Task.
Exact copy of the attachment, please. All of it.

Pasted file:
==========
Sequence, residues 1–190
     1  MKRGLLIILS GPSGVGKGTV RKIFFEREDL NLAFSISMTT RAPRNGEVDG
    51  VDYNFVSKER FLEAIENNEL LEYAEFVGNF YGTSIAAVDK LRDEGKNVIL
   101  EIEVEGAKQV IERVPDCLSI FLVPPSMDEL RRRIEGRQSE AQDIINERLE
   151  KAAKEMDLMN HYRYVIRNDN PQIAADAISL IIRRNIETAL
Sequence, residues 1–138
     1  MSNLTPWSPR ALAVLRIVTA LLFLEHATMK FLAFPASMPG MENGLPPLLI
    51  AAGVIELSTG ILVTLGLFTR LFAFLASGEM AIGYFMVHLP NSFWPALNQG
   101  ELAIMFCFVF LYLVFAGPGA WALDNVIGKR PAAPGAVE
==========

Sequence, residues 1–190
     1  MKRGLLIILS GPSGVGKGTV RKIFFEREDL NLAFSISMTT RAPRNGEVDG
    51  VDYNFVSKER FLEAIENNEL LEYAEFVGNF YGTSIAAVDK LRDEGKNVIL
   101  EIEVEGAKQV IERVPDCLSI FLVPPSMDEL RRRIEGRQSE AQDIINERLE
   151  KAAKEMDLMN HYRYVIRNDN PQIAADAISL IIRRNIETAL
Sequence, residues 1–138
     1  MSNLTPWSPR ALAVLRIVTA LLFLEHATMK FLAFPASMPG MENGLPPLLI
    51  AAGVIELSTG ILVTLGLFTR LFAFLASGEM AIGYFMVHLP NSFWPALNQG
   101  ELAIMFCFVF LYLVFAGPGA WALDNVIGKR PAAPGAVE